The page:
Europe

Thousands re-enact Napoleonic Battle of the Nations

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Media captionThe re-enactment marked the 200th anniversary of the Battle of the Nations

Some 6,000 history buffs in period military costume are re-enacting one of Germany's bloodiest battles, the Battle of the Nations.

French Emperor Napoleon Bonaparte was defeated near Leipzig in October 1813 by forces from Russia, Austria, Prussia and Sweden.

Tens of thousands of spectators are attending the reconstruction, described as a "reconciliation".

However, Church leaders object to the battle being turned into a game.

They see Sunday's event as tantamount to glorifying the carnage of war, the BBC's Damien McGuinness reports.

An ecumenical service was held in the town of Roetha on Saturday to mark the 200th anniversary of the event - also known as the Battle of Leipzig.

The night before, European Parliament President Martin Schulz gave a speech at a memorial to the battle warning of a resurgence of nationalism.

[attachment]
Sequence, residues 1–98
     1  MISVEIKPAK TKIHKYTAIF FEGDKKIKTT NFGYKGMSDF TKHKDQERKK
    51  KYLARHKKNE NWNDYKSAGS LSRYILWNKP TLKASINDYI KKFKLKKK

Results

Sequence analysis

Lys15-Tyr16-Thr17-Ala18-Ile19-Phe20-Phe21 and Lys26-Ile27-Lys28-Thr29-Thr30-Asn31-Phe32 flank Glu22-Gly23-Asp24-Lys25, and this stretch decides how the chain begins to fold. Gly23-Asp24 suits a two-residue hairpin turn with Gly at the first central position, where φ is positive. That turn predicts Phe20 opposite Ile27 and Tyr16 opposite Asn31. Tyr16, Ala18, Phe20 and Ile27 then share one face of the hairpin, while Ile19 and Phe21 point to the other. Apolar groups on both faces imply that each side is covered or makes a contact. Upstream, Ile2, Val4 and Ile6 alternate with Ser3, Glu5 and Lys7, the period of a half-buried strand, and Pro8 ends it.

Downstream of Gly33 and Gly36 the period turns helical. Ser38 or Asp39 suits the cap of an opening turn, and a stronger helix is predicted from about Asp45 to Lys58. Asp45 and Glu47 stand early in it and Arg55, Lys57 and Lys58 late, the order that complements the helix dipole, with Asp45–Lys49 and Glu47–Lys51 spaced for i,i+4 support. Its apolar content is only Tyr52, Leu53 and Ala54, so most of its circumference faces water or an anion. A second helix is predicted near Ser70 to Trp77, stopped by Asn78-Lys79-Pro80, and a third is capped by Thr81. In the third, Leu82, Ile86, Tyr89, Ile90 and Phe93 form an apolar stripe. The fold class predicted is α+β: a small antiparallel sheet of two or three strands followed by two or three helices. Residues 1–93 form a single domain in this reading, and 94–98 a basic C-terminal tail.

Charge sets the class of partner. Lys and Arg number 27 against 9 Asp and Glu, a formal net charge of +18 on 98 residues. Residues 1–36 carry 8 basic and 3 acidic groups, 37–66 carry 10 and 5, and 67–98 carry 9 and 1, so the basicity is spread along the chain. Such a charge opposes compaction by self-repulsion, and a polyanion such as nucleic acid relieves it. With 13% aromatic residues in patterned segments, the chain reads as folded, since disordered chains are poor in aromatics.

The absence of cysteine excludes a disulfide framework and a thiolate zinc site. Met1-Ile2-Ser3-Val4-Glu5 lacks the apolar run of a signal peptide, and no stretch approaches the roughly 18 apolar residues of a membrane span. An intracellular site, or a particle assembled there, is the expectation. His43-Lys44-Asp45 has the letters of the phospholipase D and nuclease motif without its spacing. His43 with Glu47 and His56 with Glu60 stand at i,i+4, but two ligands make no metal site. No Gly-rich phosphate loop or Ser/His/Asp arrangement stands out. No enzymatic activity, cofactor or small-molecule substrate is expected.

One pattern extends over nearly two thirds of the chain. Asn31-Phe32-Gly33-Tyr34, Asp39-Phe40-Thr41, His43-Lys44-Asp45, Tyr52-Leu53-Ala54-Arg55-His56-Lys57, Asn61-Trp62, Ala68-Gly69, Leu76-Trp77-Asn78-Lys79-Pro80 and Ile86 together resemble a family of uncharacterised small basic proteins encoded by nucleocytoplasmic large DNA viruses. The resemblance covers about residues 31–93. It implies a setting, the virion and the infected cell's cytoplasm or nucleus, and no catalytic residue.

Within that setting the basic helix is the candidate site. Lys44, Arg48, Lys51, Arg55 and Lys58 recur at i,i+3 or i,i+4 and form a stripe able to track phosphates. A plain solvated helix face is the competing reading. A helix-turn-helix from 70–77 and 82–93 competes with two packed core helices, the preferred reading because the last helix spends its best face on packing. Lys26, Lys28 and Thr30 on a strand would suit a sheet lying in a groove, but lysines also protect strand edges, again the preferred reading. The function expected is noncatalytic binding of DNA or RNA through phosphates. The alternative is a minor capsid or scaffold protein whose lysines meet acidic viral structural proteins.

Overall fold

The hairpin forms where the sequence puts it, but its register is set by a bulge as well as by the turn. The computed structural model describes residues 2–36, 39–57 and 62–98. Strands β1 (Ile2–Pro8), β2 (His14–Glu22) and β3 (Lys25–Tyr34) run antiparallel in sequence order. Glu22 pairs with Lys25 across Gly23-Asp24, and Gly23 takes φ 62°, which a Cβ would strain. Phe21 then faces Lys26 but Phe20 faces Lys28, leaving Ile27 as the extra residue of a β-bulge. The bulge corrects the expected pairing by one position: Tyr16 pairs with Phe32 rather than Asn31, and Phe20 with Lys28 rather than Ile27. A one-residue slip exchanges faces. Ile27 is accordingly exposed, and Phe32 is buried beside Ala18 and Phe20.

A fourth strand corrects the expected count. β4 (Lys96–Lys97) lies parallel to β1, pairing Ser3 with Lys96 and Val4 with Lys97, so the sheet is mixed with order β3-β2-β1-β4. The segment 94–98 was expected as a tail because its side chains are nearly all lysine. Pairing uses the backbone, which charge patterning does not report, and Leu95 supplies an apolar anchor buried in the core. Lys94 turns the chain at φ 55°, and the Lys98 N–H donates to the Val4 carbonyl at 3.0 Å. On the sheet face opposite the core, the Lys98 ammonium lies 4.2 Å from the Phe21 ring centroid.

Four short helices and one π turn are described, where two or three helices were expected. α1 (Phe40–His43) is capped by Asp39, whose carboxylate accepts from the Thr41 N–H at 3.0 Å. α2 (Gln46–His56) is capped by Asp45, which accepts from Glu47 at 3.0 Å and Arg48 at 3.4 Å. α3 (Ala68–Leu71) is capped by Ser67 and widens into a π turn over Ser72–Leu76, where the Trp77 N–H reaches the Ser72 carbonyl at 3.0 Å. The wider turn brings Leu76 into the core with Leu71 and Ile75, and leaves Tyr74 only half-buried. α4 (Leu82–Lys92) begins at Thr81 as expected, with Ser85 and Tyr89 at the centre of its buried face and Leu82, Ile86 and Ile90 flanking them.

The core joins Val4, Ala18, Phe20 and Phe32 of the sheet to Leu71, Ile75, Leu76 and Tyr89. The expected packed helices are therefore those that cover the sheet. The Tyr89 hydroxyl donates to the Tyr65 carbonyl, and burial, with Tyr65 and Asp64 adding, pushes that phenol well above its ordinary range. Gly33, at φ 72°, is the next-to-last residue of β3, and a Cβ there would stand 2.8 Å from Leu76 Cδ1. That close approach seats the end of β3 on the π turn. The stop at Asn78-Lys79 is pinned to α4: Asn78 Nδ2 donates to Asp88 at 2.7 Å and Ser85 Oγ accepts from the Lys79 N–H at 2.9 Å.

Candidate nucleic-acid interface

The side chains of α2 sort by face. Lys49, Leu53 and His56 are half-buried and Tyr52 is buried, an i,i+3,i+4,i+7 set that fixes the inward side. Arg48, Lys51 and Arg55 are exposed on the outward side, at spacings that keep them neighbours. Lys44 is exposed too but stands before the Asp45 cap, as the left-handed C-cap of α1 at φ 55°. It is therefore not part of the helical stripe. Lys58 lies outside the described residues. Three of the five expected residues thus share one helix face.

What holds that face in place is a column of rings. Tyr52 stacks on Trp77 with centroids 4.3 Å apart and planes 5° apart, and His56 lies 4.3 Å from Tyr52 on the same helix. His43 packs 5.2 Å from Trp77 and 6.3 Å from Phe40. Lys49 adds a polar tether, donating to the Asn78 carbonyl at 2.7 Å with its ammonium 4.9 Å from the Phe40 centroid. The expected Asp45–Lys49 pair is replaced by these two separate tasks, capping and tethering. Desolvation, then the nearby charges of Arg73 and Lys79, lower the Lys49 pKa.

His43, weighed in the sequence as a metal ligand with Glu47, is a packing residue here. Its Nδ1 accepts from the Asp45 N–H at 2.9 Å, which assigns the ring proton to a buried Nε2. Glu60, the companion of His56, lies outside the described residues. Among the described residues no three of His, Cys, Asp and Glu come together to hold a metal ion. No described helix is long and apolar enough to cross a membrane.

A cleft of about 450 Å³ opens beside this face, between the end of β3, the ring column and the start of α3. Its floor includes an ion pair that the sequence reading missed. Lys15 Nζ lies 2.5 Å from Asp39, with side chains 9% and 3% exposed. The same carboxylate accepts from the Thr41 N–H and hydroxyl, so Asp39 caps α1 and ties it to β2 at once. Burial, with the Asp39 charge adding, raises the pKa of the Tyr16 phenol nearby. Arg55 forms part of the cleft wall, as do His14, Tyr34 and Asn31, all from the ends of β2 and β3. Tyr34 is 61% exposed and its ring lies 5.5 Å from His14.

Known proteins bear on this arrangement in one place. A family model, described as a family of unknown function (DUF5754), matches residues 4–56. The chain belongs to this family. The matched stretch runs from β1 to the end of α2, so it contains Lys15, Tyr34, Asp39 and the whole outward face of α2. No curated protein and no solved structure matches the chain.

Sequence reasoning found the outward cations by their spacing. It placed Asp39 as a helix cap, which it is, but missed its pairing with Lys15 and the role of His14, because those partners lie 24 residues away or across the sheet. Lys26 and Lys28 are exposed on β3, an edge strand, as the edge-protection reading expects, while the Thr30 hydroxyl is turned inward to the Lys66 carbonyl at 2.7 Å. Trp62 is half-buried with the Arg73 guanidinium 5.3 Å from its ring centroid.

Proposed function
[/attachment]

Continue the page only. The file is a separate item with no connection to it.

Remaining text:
An estimated 600,000 soldiers took part in the series of battles from 16-19 October 1813 and almost 100,000 of them lost their lives.

The victory of the allies - including a small British contingent - over Napoleon marked the end of his control of German territory.

Organisers say their controversial re-enactment is intended to be peaceful and to bring history alive. Many of the thousands taking part have grown period-style moustaches to match their 19th Century replica uniforms.

The role of Napoleon is being played by a 46-year-old Parisian lawyer, Frank Samson, who taught himself the Corsican language in an attempt to give a more authentic performance as the French emperor.

Local TV is reporting live from the scene as if the battle is actually being fought today.

Image caption Parisian lawyer Frank Samson is taking on the role of Napoleon
Image caption The Battle of the Nations monument was illuminated on the eve of the anniversary
Image caption Ahead of the re-enactment performers camped in the village of Markkleeberg
Image caption Performers in 19th Century Saxon military uniforms practised marching

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